Cushman's Bakery, in Portland, Maine, was one of "those places" that played an integral part in the lives of many members of my family. It could even be said that, but for Cushman's, I wouldn't even be here...
My maternal grandfather, Ross Bustin (1908-1990) worked at Cushman's as a truck driver, from a small neighborhood delivery truck, whose sides opened up to reveal the freshest bread, rolls, pies and donuts, to the longer distance trucks which had routes all over New England. He ended his working career running the small retail outlet on Franklin St., on Munjoy Hill. I remember stopping in many times in those waning days of Cushman's presence in Portland.
His brother Lawrence (1913-1969), whom I knew as Uncle Laurie, was foreman on the shipping floor for over 35 years at Store #5, at 107 Elm St.
It was there that their sister Vesta (1907-1964), whom I knew as Aunt Beck, worked in the office as a bookkeeper. When we were little kids, Aunt Beck would always bring us discarded office paper for us to draw and color on (an early recycler!) Her husband, Vanstone Tewksbury, also worked there at one time.
Dad (Richard Seavey) started at "the bakery" sometime around October 1953, after he came home from his stint in the Navy. He always worked in the Bread Room, which accelerated a mild asthma condition. He stayed with Cushman's until the company closed its Portland operations altogether in the '60's.
Mom (Marilyn Bustin) worked there in the Cookie Room during the summer of 1948, between her junior and senior year of high school, and then returned after graduation 1949. A mutual friend played matchmaker and soon a budding romance was under way! She continued working there after they were married until the end of December 1954, when she discovered she was pregnant with Yours Truly.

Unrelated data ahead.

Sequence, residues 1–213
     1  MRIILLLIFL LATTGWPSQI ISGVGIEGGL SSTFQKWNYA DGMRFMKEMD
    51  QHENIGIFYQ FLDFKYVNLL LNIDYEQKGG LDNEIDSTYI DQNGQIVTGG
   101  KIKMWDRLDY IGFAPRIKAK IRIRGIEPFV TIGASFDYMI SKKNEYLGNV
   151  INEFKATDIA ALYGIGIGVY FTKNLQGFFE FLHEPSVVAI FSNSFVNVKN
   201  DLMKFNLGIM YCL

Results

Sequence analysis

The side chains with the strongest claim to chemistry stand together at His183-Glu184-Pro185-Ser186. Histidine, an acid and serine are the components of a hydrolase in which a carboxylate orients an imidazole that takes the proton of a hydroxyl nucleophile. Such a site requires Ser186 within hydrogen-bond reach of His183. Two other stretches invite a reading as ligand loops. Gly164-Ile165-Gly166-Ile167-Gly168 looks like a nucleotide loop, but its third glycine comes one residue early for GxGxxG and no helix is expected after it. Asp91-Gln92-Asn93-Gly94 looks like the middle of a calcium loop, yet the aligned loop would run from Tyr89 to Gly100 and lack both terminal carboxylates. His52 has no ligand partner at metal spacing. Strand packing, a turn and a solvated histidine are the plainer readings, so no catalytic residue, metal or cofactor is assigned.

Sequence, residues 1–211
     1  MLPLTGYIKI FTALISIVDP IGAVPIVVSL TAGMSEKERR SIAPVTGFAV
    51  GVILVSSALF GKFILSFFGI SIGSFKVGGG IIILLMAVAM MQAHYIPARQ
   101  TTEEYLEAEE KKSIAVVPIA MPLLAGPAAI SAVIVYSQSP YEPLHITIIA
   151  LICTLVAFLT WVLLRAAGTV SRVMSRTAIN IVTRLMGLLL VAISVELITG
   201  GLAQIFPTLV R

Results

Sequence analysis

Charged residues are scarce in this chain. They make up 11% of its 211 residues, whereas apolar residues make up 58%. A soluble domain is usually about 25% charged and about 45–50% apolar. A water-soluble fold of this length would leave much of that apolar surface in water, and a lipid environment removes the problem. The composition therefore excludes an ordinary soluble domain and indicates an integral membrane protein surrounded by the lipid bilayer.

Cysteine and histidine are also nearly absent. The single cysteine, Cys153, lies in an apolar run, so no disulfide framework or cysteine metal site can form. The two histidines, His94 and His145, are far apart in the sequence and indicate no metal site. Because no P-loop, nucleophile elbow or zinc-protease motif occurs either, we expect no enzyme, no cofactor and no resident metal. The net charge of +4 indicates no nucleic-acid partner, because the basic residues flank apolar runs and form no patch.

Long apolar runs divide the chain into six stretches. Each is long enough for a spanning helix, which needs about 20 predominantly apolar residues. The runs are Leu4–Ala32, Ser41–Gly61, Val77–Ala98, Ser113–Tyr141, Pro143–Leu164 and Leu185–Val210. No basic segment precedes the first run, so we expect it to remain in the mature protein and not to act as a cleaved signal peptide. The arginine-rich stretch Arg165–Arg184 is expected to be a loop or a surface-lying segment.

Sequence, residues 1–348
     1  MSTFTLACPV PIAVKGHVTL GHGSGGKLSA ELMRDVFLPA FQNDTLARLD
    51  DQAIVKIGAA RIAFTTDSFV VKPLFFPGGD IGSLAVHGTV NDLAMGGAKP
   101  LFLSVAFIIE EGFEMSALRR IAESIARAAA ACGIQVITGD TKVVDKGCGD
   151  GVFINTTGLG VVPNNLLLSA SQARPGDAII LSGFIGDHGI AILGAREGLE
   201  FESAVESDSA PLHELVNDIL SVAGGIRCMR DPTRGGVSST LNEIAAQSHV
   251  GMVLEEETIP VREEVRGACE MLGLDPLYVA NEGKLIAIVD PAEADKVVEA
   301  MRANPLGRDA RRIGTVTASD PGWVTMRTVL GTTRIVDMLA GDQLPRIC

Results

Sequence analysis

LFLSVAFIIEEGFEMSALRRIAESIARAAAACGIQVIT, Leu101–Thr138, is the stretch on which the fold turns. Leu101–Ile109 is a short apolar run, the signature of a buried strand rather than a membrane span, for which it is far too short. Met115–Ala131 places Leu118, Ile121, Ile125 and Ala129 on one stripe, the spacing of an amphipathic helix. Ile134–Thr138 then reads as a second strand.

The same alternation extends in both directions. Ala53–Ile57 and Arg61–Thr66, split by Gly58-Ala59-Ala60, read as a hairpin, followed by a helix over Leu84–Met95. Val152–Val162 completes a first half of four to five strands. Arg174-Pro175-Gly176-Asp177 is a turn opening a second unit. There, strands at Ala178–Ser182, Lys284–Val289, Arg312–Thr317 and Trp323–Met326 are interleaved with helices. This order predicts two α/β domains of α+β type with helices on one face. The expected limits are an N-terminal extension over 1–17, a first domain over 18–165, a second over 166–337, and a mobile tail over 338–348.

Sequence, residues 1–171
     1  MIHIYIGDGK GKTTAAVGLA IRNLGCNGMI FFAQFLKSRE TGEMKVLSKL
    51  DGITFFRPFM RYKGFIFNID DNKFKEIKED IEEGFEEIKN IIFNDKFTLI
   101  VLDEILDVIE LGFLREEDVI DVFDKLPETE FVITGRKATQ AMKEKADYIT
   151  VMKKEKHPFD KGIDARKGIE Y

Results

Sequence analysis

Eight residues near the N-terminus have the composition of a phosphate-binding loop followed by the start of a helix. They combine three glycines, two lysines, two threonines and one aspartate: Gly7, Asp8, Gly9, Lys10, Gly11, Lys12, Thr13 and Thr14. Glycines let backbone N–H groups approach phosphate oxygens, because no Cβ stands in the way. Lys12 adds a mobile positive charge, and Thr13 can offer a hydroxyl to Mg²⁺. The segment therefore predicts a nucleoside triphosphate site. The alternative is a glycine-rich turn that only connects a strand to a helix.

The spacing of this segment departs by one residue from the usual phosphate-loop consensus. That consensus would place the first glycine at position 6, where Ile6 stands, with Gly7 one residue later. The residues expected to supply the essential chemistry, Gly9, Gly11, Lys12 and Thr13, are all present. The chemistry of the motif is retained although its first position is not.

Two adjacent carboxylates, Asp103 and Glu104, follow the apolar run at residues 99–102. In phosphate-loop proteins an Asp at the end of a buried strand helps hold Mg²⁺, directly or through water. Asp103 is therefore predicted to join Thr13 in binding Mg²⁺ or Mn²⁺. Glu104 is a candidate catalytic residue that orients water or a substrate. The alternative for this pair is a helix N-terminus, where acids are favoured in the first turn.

My memories of Cushman's include sitting in the family station wagon waiting for Dad to get off work. We were one of many one-car families back then, and if Mom needed the car, she took him in and picked him up. Frequently, Dad would come to the window of the Break Room to let us know he had a chance to get some overtime, and we would wait it out. Our family knew so many of the workers that we would have lots of car-window visitors. We would also have numerous plant tours with our Scout troops, etc. And, of course, there was always the bread (I particularly remember a pastel-ly swirl loaf used to make canapes) and the donuts (in the see-through box).
The Maine Historical Society, on p. 4 of their Spring 2005 issue, published an excellent article on the history of Cushman's. And, just last summer, Colin Sargent published Cushman's "Secret" Scotch Cookie Recipe on his Portland Monthly website.